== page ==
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Nose-dwelling bacteria may affect a baby’s first cold

Nose-dwelling bacteria may affect a baby's first cold

 

The study, conducted by the researchers at the University Children’s Hospital of Basel, suggested that babies who have a wide variety of different bacteria living in their noses tend to recover more quickly from their first respiratory virus, compared to those who have less variety and more bacteria from either the Moraxellaceae or Streptococcaceae family. 

The findings of the study are published in the Journal of ERJ Open Research.

 

The researchers stated that their findings do not offer an immediate solution to help babies recover more quickly from coughs and colds. However, the results helped scientists understand the importance of the bacteria living in the respiratory tract, and how they influence infections and long-term conditions such as asthma.

 

“It is well known that different types of bacteria live in our gut. The respiratory tract is also home to a wide variety of bacteria and we are beginning to understand that the types and numbers of these bacteria, what we refer to as the microbiota, can influence our respiratory health,” explained Roland P Neumann, one of the researchers of the study. 

Babies often suffer with coughs, runny noses, sore throats and ear infections, and in some babies, the symptoms seem to drag on for weeks. These are usually caused by a virus such as the common cold.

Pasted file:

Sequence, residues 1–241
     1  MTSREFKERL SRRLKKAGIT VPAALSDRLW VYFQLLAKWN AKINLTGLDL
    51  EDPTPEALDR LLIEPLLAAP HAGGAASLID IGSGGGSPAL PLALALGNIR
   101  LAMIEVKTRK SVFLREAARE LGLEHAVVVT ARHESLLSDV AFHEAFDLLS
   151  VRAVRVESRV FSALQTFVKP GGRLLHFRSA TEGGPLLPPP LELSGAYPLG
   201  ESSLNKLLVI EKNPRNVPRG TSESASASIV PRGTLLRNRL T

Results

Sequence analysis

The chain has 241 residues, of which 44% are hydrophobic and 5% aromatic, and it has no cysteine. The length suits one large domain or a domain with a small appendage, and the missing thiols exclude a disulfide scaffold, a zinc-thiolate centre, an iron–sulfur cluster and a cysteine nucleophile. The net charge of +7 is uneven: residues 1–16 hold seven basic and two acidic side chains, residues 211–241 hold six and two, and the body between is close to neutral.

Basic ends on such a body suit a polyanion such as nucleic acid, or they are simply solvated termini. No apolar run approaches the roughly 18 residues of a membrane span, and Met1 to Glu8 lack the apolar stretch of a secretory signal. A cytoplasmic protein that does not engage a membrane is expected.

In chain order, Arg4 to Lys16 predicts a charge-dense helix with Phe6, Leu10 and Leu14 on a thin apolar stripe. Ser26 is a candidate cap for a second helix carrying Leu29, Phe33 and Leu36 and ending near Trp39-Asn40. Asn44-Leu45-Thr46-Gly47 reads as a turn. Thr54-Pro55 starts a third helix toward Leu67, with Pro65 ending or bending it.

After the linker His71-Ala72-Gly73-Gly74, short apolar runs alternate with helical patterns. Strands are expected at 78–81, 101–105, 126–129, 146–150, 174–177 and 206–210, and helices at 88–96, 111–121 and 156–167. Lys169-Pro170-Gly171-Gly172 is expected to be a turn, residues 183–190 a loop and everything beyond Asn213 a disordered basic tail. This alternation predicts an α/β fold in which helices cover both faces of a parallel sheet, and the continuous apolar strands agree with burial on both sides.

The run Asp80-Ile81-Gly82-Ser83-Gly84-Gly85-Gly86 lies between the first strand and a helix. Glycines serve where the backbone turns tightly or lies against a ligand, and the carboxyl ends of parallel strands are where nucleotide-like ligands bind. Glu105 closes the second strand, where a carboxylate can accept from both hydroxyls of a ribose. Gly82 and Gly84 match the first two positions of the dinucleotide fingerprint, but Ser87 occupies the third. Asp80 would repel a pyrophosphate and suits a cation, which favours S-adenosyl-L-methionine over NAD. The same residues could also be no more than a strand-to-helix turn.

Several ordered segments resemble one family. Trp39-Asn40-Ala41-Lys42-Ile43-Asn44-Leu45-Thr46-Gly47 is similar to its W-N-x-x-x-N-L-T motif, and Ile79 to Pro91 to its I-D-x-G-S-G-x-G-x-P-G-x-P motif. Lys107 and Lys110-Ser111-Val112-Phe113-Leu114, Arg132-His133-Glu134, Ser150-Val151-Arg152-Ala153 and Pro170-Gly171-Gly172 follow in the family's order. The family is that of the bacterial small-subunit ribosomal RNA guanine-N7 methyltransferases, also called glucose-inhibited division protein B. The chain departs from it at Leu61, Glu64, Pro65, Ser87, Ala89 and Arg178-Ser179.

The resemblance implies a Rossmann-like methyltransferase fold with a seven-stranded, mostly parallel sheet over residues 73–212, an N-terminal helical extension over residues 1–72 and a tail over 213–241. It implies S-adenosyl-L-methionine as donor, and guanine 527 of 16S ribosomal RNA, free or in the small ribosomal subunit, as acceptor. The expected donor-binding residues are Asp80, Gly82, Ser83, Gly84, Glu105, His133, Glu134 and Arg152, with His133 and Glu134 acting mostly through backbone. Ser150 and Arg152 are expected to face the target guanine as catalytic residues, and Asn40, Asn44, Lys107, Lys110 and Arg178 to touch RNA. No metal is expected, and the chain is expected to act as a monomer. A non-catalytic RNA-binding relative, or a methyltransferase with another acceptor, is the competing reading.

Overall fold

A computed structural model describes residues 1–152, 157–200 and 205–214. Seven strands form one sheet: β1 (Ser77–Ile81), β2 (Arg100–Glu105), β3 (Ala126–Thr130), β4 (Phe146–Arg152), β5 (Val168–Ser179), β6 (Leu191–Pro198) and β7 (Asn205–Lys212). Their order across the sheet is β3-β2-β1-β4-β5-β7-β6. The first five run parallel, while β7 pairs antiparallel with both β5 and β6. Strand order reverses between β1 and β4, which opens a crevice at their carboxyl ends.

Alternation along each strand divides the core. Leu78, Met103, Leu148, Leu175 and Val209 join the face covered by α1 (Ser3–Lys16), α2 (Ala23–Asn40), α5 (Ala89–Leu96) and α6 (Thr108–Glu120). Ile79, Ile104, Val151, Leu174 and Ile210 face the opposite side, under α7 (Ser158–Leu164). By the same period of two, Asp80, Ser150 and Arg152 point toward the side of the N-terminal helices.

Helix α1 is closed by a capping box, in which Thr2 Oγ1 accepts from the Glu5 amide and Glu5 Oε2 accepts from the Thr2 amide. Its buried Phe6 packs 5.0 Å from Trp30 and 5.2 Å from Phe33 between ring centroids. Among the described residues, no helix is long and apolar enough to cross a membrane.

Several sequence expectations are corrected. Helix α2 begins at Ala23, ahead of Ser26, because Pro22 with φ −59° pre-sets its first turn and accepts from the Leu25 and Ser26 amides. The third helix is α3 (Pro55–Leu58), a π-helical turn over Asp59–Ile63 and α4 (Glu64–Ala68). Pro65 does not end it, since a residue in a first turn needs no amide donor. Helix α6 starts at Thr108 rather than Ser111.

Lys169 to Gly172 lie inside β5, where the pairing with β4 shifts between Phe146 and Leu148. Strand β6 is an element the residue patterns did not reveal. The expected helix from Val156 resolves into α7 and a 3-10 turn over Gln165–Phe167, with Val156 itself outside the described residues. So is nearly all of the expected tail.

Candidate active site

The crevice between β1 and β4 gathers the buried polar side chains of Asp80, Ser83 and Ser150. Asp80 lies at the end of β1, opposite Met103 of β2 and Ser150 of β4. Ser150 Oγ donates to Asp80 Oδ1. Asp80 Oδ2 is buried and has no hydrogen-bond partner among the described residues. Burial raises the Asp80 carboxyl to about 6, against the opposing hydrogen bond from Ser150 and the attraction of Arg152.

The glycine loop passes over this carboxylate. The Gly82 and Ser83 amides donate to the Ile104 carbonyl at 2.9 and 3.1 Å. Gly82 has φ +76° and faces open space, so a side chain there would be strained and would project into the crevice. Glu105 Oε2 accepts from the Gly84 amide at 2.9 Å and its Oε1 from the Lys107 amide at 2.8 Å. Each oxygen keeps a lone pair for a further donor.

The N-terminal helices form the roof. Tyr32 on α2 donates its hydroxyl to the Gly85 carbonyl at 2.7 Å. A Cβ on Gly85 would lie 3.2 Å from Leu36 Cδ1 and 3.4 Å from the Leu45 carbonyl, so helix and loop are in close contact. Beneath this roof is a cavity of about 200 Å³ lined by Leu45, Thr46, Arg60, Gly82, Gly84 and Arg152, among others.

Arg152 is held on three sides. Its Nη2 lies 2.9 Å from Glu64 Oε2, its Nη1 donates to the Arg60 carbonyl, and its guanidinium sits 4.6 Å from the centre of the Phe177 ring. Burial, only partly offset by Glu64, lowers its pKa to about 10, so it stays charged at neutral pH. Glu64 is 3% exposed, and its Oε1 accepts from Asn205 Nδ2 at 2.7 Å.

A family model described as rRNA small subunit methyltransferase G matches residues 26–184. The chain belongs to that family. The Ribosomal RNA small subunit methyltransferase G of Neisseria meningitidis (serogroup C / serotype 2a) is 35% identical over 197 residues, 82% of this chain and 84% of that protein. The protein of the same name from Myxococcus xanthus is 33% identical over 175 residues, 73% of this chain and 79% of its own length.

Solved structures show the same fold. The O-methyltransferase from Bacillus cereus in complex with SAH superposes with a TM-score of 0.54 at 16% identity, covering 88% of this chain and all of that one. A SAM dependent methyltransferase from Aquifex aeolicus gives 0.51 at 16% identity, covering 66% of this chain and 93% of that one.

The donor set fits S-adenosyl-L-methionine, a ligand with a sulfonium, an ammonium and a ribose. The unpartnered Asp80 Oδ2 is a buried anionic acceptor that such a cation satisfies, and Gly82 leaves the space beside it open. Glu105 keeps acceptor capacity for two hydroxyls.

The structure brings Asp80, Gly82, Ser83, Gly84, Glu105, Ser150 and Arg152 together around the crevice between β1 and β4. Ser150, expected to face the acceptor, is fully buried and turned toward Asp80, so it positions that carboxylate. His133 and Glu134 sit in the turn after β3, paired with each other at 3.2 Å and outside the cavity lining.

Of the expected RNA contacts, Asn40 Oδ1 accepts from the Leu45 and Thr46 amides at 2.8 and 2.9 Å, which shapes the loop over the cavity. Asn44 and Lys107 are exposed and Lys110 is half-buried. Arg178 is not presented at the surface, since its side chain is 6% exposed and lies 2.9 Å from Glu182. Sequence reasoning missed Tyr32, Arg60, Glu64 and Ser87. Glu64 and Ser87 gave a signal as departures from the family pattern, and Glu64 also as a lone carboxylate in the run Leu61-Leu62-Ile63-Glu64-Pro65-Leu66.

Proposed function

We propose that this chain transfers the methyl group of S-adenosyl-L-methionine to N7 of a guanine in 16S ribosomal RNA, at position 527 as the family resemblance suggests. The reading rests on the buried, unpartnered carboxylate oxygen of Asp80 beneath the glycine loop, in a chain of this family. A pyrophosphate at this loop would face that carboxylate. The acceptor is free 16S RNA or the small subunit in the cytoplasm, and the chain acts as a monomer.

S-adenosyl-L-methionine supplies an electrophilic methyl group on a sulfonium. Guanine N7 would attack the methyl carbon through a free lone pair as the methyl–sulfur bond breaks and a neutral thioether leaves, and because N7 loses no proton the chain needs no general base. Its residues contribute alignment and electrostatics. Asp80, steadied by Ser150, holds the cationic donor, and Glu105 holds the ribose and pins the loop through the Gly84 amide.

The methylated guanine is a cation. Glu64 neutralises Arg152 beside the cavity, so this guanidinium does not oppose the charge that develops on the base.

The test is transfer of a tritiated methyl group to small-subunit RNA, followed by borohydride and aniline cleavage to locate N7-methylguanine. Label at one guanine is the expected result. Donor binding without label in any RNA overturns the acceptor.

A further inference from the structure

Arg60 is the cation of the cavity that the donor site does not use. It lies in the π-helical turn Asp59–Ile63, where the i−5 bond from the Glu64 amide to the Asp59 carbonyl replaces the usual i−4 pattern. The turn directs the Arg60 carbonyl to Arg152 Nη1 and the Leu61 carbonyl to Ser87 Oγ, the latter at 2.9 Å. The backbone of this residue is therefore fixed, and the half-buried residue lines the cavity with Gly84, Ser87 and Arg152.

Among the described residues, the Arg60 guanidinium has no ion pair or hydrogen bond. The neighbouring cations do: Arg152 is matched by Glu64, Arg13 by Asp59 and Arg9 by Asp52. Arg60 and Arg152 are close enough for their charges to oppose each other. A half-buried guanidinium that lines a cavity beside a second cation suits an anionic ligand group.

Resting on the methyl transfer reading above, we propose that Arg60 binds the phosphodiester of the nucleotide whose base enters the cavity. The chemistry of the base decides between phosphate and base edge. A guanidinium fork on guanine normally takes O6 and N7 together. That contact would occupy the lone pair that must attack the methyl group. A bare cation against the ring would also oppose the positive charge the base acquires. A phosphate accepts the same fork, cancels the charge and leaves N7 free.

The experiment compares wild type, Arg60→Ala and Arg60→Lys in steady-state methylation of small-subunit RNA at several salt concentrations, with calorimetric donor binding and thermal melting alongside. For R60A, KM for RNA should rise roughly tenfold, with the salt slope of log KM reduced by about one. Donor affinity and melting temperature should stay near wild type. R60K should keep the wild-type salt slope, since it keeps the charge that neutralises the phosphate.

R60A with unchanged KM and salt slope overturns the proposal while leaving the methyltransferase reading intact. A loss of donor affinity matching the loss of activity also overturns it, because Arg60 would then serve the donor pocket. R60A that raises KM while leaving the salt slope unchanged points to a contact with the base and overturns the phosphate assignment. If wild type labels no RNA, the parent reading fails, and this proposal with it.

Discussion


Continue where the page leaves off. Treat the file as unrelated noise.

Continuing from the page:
Parents who took part in the study were asked to contact the researchers as soon as their babies developed symptoms of their first respiratory infection. This included more than two consecutive days when their babies were coughing, had a runny nose, signs of an ear infection or a sore throat.

 

Researchers took swabs from the noses of babies at that point and then took swabs again three weeks later. They then analysed the swabs by testing for the presence of respiratory viruses, such as the common cold, and for the types of numbers of different bacteria.

 

On average, the babies’ symptoms lasted around two weeks. Babies who were free of symptoms by the time the three-week swab was taken were more likely to have a wider mixture of bacteria in their noses and a microbiota that was not dominated by bacteria from the Moraxellaceae or Streptococcaceae family.

 

Among babies whose symptoms lasted three weeks or longer, researchers found less variety in the types of bacteria living in the babies’ noses and the microbiota were more likely to be dominated by bacteria from the Moraxellaceae or Streptococcaceae family.